Friday, 20 April 2012


Being a captive audience and trying to keep the grey matter exercised, I've been reading quite a few of my fellow "Bloggers".
They come in all styles. Witty, informative, controversial, and some are a bit rude! You take your pick and YOU obviously dip into mine of which I thank you. It's very encouraging you know!
Why do I do it?
Well. I like it and that's surprising as I'm not the best at making notes or keeping diaries. Maybe I'm a "techno" after all!
Building up a Blog list is interesting. Whether it provides local interest or great memories from places visited.
There are some excellent Birders out there. Some make you feel like you are there with them!
It also fascinates me that they come from all walks of life but share a love of Birds.
ALL Bloggers obviously share opinions, we don't always agree, but they have the right to air them.
So, that's my view. I hope I can continue to provide some entertainment for you for as long as you find my Blog interesting...

BIG BIRD in the US

Strong case...

We just got the following e-mail from Bret Whitney of Texas.

Eric Gyllenhaal

Sent: Thu, Apr 19, 2012 4:44 pm

Subject: Elaenia in Chicago

Hey Aaron, Nathan and amigos,

                    I’m Bret Whitney, down in Austin, Texas. A friend just sent me a bunch of photos of your bird. It’s a perfectly typical-looking adult White-crested Elaenia (Elaenia albiceps chilensis) in plumage wear fitting for the season (see below). The photos are super and probably are enough to establish the ID, showing the long primary extension, lengthened central/rear crown feathers. What you need to do to lock it down is get a recording; even a single-note call would probably be sufficient to eliminate the only other realistic possibility, Small-billed Elaenia (E. parvirostris). Small-billed has a pretty long primary extension as well, but not as long as White-crested and its crown is rounder, lacking longer feathers in the central/rear-central part of the crown; and it almost always shows a stronger eye-ring than adult White-crested in April. Take a look at the attached Elaenia plate I’m using for my upcoming field guide to birds of southeast Brazil, painted by British artist Brian Small. Upper left is White-crested, upper right Small-billed, lower left Olivaceous (E. mesoleuca), lower right Highland (E. obscura sordida). The plate isn’t quite finished yet, but it should be helpful for you, especially if you imagine the wings, for example, looking somewhat worn, like the bird you found.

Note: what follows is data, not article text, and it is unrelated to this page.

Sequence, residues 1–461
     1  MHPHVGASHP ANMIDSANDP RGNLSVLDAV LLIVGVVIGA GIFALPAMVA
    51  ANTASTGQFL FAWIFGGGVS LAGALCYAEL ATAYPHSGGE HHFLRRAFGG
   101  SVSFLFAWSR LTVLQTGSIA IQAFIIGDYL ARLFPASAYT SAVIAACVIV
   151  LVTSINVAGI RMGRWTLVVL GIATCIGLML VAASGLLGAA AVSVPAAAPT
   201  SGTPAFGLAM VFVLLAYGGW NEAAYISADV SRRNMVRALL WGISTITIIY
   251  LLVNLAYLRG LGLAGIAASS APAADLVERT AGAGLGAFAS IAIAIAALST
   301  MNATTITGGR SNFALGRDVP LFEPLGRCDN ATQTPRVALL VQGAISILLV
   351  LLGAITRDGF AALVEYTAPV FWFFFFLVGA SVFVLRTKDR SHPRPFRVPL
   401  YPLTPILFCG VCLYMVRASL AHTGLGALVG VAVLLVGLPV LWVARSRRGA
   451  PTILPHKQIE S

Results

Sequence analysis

Both of these elaenias are common birds in southern South America, White-crested being primarily Andean as a breeder and Small-billed being more widespread as a breeder all the way east to sea-level in southeastern Brazil south into Argentina. More importantly, both of them are long-distant austral migrants that depart their breeding areas Jan-Feb to undertake massive migrations north and east, the more dramatic being that of White-crested, which moves north through the eastern Brazilian mountains and, to a lesser exent but still regularly, through the lowlands mostly east of the mountains along the coastal plain. We think the entire population out of the Andes probably takes this route. The birds move through southeastern Brazil Feb-Apr and then swing north and west to move through northern Amazonia before swinging back south to breeding areas Sep-Nov.

You guys found an austral overshoot in Chicago! This is very much in the same pattern as spring Fork-tailed Flycatchers showing up in eastern N. America. Your finding of this single bird in Chicago makes me imagine that there are likely many other White-crested Elaenias scattered through the eastern US right now; people should be on the lookout for them, especially around any fruiting shrubs or trees with smallish fruits.

Feel free to post this message anywhere you want, and get in touch by e-mail if you have any thoughts or questions.

A fantastic record, guys, and you did a super job of documenting it -- now try to get its voice recorded!! You can pull up recordings of both of these from the Macaulay Library on the Cornell Lab or Ornithology website or from There are also some good reference photos to look through on the Brazilian photographers’ website (this site is truly awesome for the number and quality of photos on it, always worth studying!).

Good birding,
field guides
live to bird <> bird to live
LSU Museum of Natural Science
Honorary Research Associate

More Texas. Can you tell I've got time on my hands?!

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